In the middle of the Great Depression, Forrest Mars made a decision: he was going to buy a dog food company. For the creator of the Milky Way bar, and the catalyst behind one of America's largest candy-makers, Mars Inc., it wasn't the most natural of acquisitions.
"He was always prepared to consider outlandish ideas," a colleague later noted of Forrest. For many, purchasing Chappel Brothers, a small UK-based purveyor of pet food — itself a category that had only just emerged — was precisely that. But Forrest's mind was made up, and in 1934, he brought "Chappie" into a Mars family boasting Snickers, Mars, and Three Musketeer bars.
It was a stroke of genius. With virtually no competition, Chappie became a best-seller in Europe, dominating the region, and setting the groundwork for Mars's pet-focused empire. Over the years that followed, the company would go on to launch Pedigree and 38 other pet brands, in addition to purchasing a large chain of veterinary clinics. Today, the company synonymous with M&Ms and other sweets earns the majority of its revenue serving animals.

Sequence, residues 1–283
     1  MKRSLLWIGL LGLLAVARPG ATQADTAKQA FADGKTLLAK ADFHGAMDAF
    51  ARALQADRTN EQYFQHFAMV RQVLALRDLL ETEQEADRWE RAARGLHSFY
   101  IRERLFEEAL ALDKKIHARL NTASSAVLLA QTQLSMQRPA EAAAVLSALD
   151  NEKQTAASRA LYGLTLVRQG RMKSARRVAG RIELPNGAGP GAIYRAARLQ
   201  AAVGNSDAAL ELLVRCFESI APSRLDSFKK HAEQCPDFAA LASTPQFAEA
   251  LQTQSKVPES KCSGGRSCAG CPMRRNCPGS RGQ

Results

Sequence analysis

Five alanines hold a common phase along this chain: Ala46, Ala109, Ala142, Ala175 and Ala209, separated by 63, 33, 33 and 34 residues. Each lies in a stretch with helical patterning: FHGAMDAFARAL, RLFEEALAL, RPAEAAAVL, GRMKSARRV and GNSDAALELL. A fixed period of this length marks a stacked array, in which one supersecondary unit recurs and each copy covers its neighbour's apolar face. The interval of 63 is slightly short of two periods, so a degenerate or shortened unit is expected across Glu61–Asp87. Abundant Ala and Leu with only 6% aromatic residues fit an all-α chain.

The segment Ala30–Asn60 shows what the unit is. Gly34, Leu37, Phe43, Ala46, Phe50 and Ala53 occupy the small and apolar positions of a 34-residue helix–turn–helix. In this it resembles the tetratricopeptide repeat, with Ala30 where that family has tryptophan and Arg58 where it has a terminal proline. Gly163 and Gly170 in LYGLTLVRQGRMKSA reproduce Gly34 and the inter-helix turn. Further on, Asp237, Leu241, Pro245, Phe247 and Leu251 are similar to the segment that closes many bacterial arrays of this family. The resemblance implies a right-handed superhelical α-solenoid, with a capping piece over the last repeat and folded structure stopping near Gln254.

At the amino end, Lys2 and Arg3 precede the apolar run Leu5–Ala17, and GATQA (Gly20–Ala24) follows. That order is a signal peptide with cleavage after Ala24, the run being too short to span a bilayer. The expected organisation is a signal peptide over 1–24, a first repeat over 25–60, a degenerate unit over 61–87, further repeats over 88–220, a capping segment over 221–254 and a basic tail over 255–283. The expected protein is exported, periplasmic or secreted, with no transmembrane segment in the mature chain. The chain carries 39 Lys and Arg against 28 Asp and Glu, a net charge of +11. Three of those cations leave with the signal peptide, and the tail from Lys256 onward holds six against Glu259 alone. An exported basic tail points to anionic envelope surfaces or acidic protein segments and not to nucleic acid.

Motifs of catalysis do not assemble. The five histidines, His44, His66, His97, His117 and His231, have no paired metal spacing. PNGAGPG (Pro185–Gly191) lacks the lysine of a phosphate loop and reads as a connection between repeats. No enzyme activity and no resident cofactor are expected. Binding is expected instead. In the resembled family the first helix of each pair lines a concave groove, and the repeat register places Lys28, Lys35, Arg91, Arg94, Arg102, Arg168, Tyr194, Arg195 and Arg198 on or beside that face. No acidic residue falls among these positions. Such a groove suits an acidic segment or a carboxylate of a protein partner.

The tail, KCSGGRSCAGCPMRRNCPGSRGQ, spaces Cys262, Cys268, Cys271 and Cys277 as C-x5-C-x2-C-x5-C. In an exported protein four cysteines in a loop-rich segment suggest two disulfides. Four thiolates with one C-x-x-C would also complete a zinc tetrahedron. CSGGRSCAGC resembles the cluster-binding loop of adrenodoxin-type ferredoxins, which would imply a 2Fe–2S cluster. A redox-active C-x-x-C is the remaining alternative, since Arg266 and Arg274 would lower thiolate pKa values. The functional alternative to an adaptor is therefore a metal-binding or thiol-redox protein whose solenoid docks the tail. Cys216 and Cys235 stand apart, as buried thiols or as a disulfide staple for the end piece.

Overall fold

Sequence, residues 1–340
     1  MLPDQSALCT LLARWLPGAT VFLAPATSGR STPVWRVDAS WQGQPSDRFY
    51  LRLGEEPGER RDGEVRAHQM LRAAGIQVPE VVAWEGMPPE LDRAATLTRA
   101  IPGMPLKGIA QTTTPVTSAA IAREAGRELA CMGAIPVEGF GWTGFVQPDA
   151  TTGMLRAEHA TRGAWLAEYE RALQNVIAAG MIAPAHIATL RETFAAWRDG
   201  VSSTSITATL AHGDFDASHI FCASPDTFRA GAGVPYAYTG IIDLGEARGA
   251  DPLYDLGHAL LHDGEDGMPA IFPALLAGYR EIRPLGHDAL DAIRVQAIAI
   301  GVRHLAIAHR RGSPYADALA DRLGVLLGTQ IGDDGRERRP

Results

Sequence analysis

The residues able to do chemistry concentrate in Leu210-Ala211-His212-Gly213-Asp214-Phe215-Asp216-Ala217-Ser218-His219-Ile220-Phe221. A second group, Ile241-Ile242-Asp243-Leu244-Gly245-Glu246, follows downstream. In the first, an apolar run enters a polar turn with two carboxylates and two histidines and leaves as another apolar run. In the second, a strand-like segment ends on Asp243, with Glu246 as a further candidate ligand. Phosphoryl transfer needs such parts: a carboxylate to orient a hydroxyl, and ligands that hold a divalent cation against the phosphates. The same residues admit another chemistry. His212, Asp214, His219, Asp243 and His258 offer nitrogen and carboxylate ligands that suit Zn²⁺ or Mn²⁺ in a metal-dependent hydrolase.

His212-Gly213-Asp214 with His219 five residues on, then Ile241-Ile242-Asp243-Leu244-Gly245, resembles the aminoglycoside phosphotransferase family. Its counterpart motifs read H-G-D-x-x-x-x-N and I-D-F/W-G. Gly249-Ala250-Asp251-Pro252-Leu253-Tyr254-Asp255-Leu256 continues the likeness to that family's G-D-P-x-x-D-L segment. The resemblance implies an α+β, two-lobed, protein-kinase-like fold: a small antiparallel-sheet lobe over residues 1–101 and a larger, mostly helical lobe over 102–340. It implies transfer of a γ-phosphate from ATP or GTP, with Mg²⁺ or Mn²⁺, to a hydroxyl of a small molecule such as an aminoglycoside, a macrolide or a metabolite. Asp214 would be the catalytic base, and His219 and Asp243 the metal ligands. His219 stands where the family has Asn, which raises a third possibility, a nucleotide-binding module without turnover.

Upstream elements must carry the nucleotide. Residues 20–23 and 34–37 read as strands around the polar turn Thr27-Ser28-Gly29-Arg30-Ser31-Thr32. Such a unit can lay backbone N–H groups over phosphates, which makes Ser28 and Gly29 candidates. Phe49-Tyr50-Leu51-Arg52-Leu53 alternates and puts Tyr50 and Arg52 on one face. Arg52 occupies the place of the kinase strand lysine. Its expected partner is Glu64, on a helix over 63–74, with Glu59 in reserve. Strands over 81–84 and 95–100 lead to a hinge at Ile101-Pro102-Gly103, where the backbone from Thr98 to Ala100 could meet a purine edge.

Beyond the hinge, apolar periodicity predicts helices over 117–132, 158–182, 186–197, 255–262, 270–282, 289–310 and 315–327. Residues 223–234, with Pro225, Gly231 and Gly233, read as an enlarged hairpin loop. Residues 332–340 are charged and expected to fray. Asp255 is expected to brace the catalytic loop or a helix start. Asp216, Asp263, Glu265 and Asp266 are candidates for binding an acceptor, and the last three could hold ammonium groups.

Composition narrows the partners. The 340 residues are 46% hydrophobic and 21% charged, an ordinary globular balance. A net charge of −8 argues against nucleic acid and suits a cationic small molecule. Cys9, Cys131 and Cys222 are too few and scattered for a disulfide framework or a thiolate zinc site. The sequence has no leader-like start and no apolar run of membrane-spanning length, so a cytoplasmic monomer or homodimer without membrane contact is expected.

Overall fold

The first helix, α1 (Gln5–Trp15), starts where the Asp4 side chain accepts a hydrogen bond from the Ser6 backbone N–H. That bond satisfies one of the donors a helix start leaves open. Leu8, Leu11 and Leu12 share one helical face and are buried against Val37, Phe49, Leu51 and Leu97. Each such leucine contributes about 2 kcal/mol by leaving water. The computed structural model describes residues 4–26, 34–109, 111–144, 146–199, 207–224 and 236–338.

The current recession may present similarly transformative M&A opportunities for tech's titans. While orthodoxy suggests that buying activity declines in a downturn, the rules may not apply for Google, Amazon, and others like them. For one thing, global catastrophe excepted (a large caveat), circumstances are favorable for buyers. Corporate balance sheets are fatter than they've been in decades, and interest rates are low, making it easier to borrow the money to make a deal happen. A study by Gartner indicated that 71 companies have at least $5B on hand, excluding those with high debt. Of those 71 businesses, 57 touch IT and internet services, collectively controlling $1.1T in dry powder.